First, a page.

Dear girls of the world: Let me tell you three things
Dear girls of the world,
The earliest memory I have is that sitting on a plane at the Warsaw airport, waiting for take-off to Bagdad. My mom, brother and I were traveling to see dad, who had an engineering job in Iraq. This was one of our many trips to visit him – wherever he happened to work – and all were perfectly coordinated by mom.
She made travel look effortless: from packing and dealing with customs to keeping us entertained. We now live on different continents and rarely get away together, but I owe my traveling ways to her. She showed me that no destination was too “foreign.” Even if some require a little extra effort.
I recently spent three weeks in India. Before the trip, I’d been warned by travelers (male and female alike) about constant attention from men and even possible groping in public. “Make sure to cover up – you don’t want to show any cleavage,” said some. “If you’re not afraid to make a scene, you’ll be just fine,” added others.
Rarely put off by horror stories, I nevertheless decided to do more research and read about attitudes in India towards women. The picture painted by mainstream media was not a pretty one: violent gang rapes and the perception of Western women as “loose.” Guidebooks and online portals weren’t much better…
I went back to Twitter for more information from the travel community. Surprisingly, the most encouraging tweets came from women – solo travelers at that – who had been to India and didn’t encounter any issues. They did reiterate that it’s wise to dress modestly, as is customary for locals. And once I mentioned that I was traveling with my husband, they were certain I’d avoid unpleasant situations.
They were right.
Sure, I didn’t go unnoticed. I caught men looking at me before I had even cleared customs at the Delhi airport. And there were stares and occasional comments on the streets, but nothing as obnoxious as I had imagined. What I was not prepared for was… being invisible.
Rickshaw drivers negotiated rates with my husband. If they wanted to know where we were from and what we came to see, they spoke to him. In restaurants, he got the menu first and was always handed the bill. It was Sir-this, Sir-that most of the time, and as someone used to taking charge, Madam was not amused.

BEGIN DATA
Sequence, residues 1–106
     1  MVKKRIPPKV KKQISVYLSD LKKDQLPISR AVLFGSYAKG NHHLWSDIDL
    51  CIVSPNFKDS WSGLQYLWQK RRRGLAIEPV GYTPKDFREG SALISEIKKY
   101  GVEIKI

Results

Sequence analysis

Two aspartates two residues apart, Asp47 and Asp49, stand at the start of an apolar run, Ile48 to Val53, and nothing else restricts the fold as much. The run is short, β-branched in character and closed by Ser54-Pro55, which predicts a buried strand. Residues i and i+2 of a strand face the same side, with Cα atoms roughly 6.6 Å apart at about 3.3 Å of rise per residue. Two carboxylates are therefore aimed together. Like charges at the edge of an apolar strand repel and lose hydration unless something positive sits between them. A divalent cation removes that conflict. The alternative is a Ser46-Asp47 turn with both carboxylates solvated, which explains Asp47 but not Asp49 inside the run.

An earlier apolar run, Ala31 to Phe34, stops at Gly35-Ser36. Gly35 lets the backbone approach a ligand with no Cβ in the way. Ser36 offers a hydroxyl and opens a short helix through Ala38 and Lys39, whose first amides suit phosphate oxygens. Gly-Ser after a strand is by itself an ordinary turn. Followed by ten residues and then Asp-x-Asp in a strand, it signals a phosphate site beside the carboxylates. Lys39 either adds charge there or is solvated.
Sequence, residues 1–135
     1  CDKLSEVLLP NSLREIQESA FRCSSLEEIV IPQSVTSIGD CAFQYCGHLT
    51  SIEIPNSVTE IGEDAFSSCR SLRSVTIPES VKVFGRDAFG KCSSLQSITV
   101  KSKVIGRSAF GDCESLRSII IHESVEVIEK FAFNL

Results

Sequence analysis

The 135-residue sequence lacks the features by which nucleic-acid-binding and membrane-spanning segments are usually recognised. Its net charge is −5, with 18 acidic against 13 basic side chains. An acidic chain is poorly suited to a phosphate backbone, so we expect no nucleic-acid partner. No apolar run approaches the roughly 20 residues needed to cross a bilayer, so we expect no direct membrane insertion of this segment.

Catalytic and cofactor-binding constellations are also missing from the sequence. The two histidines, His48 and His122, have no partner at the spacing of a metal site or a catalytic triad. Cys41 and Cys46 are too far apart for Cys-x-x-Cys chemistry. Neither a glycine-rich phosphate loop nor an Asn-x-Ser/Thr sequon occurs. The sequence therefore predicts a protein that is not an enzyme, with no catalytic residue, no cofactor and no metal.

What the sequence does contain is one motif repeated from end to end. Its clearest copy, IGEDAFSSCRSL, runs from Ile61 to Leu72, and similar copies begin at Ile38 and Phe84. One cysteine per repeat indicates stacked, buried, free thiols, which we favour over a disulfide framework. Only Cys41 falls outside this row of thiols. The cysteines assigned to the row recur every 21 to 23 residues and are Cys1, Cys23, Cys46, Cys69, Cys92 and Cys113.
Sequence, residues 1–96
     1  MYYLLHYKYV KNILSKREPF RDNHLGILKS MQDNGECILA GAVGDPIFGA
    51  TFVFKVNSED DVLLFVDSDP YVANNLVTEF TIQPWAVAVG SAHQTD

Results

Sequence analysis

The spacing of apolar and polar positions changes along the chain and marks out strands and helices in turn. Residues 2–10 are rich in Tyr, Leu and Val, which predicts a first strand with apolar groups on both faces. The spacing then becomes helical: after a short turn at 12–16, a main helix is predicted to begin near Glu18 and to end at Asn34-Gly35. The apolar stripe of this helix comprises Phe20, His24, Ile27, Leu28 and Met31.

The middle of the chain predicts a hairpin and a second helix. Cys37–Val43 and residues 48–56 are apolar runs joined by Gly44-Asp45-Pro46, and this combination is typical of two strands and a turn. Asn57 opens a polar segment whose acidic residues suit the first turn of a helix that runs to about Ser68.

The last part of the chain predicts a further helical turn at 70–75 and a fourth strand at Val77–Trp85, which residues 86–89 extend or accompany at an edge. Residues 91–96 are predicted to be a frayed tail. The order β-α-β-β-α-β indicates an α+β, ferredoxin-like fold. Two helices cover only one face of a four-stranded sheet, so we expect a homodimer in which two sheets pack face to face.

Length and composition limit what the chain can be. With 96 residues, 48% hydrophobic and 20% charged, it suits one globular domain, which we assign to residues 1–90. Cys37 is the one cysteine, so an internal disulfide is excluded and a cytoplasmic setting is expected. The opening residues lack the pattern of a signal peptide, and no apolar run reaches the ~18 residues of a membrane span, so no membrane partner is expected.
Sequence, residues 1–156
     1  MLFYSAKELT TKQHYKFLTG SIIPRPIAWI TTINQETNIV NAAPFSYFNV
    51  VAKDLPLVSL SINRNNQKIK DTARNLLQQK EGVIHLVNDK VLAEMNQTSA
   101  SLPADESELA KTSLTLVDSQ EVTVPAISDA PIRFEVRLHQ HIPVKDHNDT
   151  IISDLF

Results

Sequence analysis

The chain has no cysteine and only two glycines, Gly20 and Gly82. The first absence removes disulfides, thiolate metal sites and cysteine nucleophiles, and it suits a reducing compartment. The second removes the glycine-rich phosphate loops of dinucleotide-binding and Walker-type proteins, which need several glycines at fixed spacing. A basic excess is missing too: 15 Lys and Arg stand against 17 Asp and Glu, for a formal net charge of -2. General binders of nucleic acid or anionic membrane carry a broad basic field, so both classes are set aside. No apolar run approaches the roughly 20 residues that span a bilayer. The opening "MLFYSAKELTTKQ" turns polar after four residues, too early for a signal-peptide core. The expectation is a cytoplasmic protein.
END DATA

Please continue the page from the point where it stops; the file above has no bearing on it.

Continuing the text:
(The only time I didn’t mind being viewed as the “weaker sex” was when hotel employees insisted on carrying my bags… Well, some historic haveli hotels had steep staircases and no elevators.)
During our road trip through Rajasthan, I had time for reflection. It wasn’t my first visit to a non-Western country, so not much surprised me. And as a guest, I wasn’t there to start a social revolution, but experience the country as is. Despite the acknowledgment, I kept asking myself one question:
Where do you draw the line between respecting the local culture and not letting it change who you are?
I played by the rules in India: I wore loose-fitting clothes and wrapped myself in scarves. I stopped rolling my eyes when Don got addressed before I did, or when I had to go to ladies-only security lines at airports. BUT I did pick up the tab for our meals a few times and bargained fiercely at bazars. Nobody seemed to mind.
Challenges that women might face on the road are not exclusive to India or other “traditional” countries. When I travel alone in North America or Europe, people are often curious why I’m without my husband and if he’s ok with me being away. I’ve also been asked on dates by strangers. And there’s that annoying “Just one?” in restaurants.
All that shouldn’t stop us from traveling. Ever.
There was a time when women couldn’t vote, get higher education, or freely choose their career paths. We have come a long way, even if there is still work to be done (in some places more than in others).
As female travelers, solo or otherwise, we too can play a part in improving women’s situation around the globe and help redefine what’s acceptable. And it’s not just about wearing tight clothes, but empowerment.
In Jaisalmer, a small desert town near the Pakistani border, I stopped by a textile co-op. All the merchandise there – saris, pashminas, tablecloths – was made by women in impoverished rural areas. Knowing that my money would go directly to them, I left the store not only with a beautiful piece, but a sense that I had made a small difference in someone’s life.
And isn’t travel ultimately about benefitting not only yourself, but the places you visit?